Office of the President of the United States / Wikimedia

It’s hard to overstate how irregular the news cycle is at the moment. With new allegations about the Trump Administration’s Russian ties coming out seemingly on the hour - it can be difficult to make sense of what’s really going on, even for journalists.

For an update on this story, read this post: Wisconsin Assembly Passes Measure Calling For Constitutional Convention

An Assembly committee has advanced the idea of Wisconsin joining a states-initiated constitutional convention to draft a federal balanced budget amendment. Thirty-four states are needed; Wisconsin could become number 30.

Mitch Teich

At the end of another intense news week, Lake Effect news analyst Charlie Sykes marvels at a fast pace cycle, which doesn't seem to slow down.

"We're living in an era," he says, "in which every day, there's a story - a revelation - that in a different world would have dominated the news for weeks in and of itself.  And yet, these are one news-cycle stories."

On Friday's Lake Effect, Sykes offered his take on several key issues that dominated the news (for a while, anyway) this week:

Michael Vadon / Wikimedia

Developments in Washington have been coming at a breakneck pace in recent weeks, from the firing of FBI director James Comey to the changing explanations for it, to allegations that President Trump shared classified intelligence with Russian diplomats, to the appointment of a Justice Department special counsel to continue the probe into Russian influence in US electoral politics.

Drew Angerer / Getty Images

Lake Effect heard about the First 100 Days from Charlie Sykes last week, and this week our analyst is Ruth Conniff, editor of the Madison-based magazine The Progressive. Conniff breaks down this week's news: the firing of FBI Director James Comey, France's election and the race for governor in Wisconsin.

Mitch Teich

The passage of a new health care reform package by the House of Representatives came a few days after the end to a tumultuous first 100 days for President Donald Trump. Nevertheless the legislative victory for Republicans made headlines. But that's just one of many headlines circulating through the U.S.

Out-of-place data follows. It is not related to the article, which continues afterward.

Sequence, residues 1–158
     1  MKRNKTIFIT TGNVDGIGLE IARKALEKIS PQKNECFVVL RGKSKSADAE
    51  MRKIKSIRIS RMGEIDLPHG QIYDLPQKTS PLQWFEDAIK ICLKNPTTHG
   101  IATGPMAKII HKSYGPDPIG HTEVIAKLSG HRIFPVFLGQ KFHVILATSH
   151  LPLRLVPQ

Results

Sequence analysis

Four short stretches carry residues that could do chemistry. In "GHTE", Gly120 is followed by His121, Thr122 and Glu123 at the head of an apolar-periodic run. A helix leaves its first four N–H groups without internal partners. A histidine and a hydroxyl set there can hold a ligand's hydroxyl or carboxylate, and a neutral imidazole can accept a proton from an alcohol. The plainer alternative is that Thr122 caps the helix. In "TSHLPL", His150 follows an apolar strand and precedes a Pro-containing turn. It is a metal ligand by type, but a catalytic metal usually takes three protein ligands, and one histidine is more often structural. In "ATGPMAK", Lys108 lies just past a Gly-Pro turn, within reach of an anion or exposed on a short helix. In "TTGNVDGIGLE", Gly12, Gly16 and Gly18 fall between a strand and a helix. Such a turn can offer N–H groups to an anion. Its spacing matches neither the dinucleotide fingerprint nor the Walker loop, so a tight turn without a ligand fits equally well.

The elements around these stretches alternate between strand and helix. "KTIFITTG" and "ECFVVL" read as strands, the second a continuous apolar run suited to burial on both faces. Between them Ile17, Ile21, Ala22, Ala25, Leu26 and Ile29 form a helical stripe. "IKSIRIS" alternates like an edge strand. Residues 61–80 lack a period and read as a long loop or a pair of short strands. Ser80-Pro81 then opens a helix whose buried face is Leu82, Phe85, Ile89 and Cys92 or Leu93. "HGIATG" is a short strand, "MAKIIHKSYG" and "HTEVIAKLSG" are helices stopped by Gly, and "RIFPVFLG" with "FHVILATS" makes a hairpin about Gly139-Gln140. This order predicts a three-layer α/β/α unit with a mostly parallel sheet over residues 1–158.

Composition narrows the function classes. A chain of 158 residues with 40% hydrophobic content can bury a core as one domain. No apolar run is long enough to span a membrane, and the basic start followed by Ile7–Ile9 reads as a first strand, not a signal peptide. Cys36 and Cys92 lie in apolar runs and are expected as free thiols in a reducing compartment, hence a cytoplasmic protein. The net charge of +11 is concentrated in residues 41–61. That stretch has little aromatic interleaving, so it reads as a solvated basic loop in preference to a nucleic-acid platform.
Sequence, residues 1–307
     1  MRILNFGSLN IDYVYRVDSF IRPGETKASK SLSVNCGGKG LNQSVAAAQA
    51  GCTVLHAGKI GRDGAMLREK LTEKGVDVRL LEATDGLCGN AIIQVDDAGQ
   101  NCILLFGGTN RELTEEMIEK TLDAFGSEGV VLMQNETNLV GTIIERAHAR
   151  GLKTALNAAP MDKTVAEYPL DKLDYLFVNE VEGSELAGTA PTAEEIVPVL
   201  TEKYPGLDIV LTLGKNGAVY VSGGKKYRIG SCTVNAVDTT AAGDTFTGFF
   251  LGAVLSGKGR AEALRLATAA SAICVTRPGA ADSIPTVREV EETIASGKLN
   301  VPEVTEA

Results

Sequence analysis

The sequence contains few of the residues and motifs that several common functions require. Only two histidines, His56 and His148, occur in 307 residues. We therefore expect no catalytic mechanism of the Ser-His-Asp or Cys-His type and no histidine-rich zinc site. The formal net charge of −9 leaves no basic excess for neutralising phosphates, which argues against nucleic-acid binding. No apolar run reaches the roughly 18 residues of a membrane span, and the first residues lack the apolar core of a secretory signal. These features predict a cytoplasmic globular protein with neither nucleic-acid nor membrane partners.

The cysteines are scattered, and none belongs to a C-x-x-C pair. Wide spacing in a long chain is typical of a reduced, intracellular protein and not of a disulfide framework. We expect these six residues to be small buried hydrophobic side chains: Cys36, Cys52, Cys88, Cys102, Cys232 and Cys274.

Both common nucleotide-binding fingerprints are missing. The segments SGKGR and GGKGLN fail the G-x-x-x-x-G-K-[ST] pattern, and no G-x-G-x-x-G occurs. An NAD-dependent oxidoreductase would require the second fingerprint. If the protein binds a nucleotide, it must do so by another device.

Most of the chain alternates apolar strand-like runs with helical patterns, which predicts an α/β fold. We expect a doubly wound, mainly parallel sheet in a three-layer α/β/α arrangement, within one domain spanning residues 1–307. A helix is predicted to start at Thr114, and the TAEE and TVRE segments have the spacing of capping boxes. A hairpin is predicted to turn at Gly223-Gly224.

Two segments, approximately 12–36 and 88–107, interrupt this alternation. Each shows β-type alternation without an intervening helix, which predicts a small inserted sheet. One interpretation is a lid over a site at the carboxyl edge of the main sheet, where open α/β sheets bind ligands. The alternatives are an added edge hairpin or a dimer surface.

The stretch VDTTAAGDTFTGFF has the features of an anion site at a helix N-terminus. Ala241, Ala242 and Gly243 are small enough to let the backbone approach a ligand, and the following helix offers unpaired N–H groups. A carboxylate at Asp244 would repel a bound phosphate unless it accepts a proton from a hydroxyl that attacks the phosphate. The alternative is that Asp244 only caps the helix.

Adam Ryan Morris

It has been about a year since Alderman Ashanti Hamilton was elected to the presidency of the Milwaukee Common Council. The election took some by surprise, but others had already noted Hamilton’s rising political star.

Hamilton's rise to the head of the Common Council was the result of a South Side and North Side alliance, which seemed unlikely to some observers. His first year in office has not been without controversy. 

Sinn Féin / Flickr

Last week, British Prime Minister Theresa May formally triggered Article 50, which starts the process of the UK’s departure from the European Union, known as “Brexit.” Public opinion in Great Britain remains sharply divided on the process, just as it was when the issue was put to a vote last year.

Robert Remme

The complex political times continue in Washington this week with the shadow of a Democratic filibuster looming over Neil Gorsuch’s nomination to the Supreme Court. There’s also news of revived talks of repealing the Affordable Care Act, and more reported disclosures of connections between Russian officials and members of the Trump transition team.

Howard Chandler Christy / Wikimedia

The Constitutional Convention of 1787 is one of the most important events in the history of the United States. After four months of painstaking deliberation, the founding fathers emerged with a document that continues to inform how we interpret the laws of the land.

Henryk Sadura / Fotolia

If you look at the population of Wisconsin and then at the leadership in state government, you’ll notice at least one significant disconnect. Milwaukee is by far the state’s largest city, but the city itself has few residents in leadership roles - particularly in the Legislature.

Writer Joe Potente says it’s a sign of the city’s diminishing political clout at the statewide level. He wrote an article featured in the current issue of Milwaukee Magazine about this phenomenon. 

Alex Wong/Getty Images

Wisconsin was one of three states that tipped the scales for Donald Trump in the November election. But where does the Republican president stand in the dairy state now? The latest Marquette Law School poll shows 41 percent of registered voters approve of Trump’s job performance, since he took office. That’s a slightly higher number than Trump earned in the last Marquette poll. Shortly before the election, 40 percent of the state’s registered voters said they planned to support Trump.

Senator Tammy Baldwin / Facebook

Since the passage of the Affordable Care Act in 2010, Republican politicians have vowed to repeal and replace the landmark legislation known to many as "Obamacare."

Casper Zoethout / Flickr

Nationalist political parties are on the rise in Europe. While the party platform specifics differ between countries, these radical right-wing, populist movements tend to be anti-immigration, anti-European Union and favor economic protectionism.

Unlike broader political movements like fascism and socialism, populism - on either side of the political spectrum - essentially says those in power don’t have our best interests at heart so we need to get rid of them. Many of the complaints that have surfaced about the established political order will be familiar to Americans.

Jessi Paetzke

A number of reports surfaced this week that White House Chief of Staff Reince Priebus is being met with dissent in the executive office. Some White House staff members dispute that report.

What seems indisputable is that he was not always seen as a likely candidate for national political fame.